module for Foswiki
stands for "Web-based Distributed Authoring and
Versioning". It is a set of extensions to the HTTP protocol which allows users
to collaboratively edit and manage files on remote web servers.
This module contains a full Class 2 WebDAV implementation. It uses a
standard abstraction of the server filesystem,
allowing it to be used with a range of different filesystems,
including (via the FilesysVirtualPlugin
) the Foswiki datastore.
The module is designed to work with a number of different web
servers, and also includes a complete stand-alone server implementation.
Integration with WebDAV means that users can edit topics and
attachments using an appropriate WebDAV enabled client program,
such as Microsoft Office, Internet Explorer, Open Office, etc. When used
with the companion WebDAVLinkPlugin
, you can embed links to WebDAV
resources in Foswiki pages that will open the linked documents in
Foswiki permissions are honoured throughout.
Use of the FilesysVirtualPlugin
means that all the data views supported by
that module are available to WebDAV clients, so clients can read and write
Foswiki topics as text, as HTML, as a JSON data structure, or as any other
view supported by FilesysVirtualPlugin
You do not need to install anything in the browser to use this extension. The following instructions are for the administrator who installs the extension on the server.
Open configure, and open the "Extensions" section. Use "Find More Extensions" to get a list of available extensions. Select "Install".
If you have any problems, or if the extension isn't available in
, then you can still install manually from the command-line. See http://foswiki.org/Support/ManuallyInstallingExtensions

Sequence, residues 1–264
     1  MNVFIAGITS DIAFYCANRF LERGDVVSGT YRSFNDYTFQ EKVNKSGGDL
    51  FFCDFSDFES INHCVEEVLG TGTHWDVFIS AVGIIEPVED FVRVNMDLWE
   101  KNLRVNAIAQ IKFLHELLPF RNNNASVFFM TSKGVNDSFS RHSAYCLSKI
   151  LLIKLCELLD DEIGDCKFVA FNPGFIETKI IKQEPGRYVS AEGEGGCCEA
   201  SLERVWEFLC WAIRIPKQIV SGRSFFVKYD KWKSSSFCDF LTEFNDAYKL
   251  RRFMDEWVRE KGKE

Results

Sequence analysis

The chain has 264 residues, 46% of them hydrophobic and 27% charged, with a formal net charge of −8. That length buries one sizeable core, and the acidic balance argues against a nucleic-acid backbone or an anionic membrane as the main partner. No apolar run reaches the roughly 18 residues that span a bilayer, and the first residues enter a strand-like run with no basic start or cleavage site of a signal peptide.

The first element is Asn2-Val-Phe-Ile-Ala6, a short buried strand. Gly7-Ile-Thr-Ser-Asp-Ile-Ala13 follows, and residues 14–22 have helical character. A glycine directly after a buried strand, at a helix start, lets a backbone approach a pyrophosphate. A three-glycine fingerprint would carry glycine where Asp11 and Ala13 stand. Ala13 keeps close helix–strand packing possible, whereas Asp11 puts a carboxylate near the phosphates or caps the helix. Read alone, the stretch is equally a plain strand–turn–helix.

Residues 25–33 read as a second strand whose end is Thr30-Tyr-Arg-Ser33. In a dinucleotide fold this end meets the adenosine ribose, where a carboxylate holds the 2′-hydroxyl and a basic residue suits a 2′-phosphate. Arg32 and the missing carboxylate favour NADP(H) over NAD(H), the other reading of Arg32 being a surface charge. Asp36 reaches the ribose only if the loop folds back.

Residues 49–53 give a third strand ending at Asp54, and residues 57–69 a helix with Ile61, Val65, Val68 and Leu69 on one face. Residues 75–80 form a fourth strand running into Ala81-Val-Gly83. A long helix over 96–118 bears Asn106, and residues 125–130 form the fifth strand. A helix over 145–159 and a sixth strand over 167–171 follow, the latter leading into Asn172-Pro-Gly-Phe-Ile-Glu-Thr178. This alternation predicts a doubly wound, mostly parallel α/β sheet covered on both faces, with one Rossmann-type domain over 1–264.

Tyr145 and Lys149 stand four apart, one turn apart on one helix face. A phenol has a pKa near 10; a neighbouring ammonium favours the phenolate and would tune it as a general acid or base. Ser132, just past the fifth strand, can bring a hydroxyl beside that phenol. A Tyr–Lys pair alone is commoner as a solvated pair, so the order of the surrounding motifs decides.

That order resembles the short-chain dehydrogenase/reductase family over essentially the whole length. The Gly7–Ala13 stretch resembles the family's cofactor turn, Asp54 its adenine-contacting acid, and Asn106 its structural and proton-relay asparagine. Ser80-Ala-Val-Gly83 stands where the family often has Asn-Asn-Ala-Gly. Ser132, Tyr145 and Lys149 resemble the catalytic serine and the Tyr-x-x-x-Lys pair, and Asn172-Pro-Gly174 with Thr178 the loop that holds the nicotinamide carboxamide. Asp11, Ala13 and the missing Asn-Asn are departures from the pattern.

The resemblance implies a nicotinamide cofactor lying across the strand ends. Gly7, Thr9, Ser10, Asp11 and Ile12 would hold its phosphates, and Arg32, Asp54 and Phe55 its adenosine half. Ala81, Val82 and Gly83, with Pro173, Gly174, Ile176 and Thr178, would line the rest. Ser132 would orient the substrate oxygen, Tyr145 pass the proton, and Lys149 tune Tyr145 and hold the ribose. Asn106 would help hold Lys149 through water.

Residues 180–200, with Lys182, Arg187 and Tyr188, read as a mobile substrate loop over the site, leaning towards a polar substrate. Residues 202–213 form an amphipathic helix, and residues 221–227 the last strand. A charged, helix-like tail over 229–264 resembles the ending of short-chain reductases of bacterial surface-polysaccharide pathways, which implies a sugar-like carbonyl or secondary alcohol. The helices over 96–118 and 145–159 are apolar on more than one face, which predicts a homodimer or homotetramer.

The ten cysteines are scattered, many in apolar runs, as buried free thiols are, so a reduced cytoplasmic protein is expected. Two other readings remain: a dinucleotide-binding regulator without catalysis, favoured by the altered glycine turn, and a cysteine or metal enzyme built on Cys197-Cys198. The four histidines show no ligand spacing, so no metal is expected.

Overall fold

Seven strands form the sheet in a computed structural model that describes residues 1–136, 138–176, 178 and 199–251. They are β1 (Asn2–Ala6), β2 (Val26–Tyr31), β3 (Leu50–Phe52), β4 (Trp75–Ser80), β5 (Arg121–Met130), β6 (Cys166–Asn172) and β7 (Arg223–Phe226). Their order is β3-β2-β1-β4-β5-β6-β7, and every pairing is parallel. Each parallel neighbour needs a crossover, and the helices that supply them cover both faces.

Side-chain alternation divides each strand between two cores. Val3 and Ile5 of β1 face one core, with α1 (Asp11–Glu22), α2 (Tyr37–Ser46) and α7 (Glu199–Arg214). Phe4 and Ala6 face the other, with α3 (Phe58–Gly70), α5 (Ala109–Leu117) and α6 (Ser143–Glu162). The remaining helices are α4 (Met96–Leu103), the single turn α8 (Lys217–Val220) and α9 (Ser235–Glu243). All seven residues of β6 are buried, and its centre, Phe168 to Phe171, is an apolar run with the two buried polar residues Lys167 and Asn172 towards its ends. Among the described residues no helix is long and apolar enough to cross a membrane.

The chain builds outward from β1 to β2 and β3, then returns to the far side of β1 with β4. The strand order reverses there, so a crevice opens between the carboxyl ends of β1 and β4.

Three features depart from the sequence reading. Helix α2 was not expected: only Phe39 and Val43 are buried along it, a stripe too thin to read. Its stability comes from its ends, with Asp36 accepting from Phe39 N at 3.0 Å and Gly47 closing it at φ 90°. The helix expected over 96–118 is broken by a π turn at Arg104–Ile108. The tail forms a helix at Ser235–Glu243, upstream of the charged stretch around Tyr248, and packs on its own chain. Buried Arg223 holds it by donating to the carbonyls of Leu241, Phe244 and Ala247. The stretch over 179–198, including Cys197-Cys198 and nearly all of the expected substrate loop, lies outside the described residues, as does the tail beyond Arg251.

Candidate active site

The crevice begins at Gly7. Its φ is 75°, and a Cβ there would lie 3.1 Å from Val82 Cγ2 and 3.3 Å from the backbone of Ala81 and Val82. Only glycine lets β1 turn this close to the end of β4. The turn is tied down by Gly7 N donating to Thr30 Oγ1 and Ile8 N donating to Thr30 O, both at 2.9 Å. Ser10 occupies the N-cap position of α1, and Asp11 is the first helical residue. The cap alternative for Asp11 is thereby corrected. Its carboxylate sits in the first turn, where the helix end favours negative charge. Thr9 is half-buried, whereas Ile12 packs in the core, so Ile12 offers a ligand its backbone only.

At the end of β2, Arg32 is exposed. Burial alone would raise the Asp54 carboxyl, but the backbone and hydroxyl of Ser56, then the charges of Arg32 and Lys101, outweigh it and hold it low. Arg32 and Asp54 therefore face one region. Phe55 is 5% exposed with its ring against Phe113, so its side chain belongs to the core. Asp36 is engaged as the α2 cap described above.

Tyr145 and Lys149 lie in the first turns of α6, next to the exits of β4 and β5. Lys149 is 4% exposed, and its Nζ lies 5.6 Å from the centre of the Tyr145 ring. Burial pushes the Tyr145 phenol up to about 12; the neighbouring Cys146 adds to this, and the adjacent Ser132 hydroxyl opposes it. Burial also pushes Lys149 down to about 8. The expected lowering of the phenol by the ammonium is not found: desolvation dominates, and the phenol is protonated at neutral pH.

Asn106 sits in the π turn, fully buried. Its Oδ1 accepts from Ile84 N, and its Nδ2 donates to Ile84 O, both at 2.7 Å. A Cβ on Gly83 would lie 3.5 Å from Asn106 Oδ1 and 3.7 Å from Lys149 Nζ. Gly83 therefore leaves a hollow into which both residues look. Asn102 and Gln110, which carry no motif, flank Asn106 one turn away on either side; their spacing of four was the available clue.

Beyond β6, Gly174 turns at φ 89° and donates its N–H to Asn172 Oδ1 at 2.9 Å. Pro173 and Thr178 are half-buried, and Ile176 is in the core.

for more help.
If you encounter problems with clients it can be useful to be able to trace the
activity of the server. All the web servers have some mechanism to pass a
debugging option in. This tracing option is in the form of a bit mask, where the
- 1 to enable error tracing (shows reason for failures)
- 2 to enable tracing of WebDAV requests.
- 4 to enable detailed debugging
- 8 to enable memory usage information
- 16 to enable very detailed filesystem level tracing
The bits can be combined e.g.
will enable detailed filesystem tracing and error reporting. Trace
information is output to the web server error log.
If you have experience, then another tool that can be very useful in
debugging is a network protocol analyser, such as
Refer to the documentation for FilesysVirtualPlugin
for information on
configuring it to support different data views. Each data view presents
topics as a different file type, allowing you to read and write the same
topic in a range of different formats.
There are many DAV clients out there that it would be impossible to describe
Linking to DAV resources from a web browser
To link to a DAV resource from a web browser, all you have to do is link to
the DAV url of the resource. However most browsers will open the link
in a "read only" mode. If you want to open DAV resources from Firefox
or Internet Explorer for editing using a DAV-aware native application
(such as Microsoft Word or Open Office) you can use the companion
Accessing WebDAV resources on Microsoft Windows
There are so many problems with the Microsoft implementation of WebDAV
that unfortunately it merits a topic of it's own: WebDAVAndWindowsClient
The otherwise excellent LibreOffice suite has implemented locking since version
4.1. Unfortunately their lock implementation is not consistent with the WebDAV spec, and
we have had to disable lock support for LibreOffice. The only risk this poses is if
two people try to edit the same attachment via WebDAV simultaneously.
All the standard Litmus tests
a class 2 WebDAV server pass. WebDAVContribLitmusTests
describes how to
This software is released under the GNU Public License, version 2.
Another great Foswiki extension from the WikiRing
- working together to improve your wiki experience!
Many thanks to the following sponsors for supporting this work: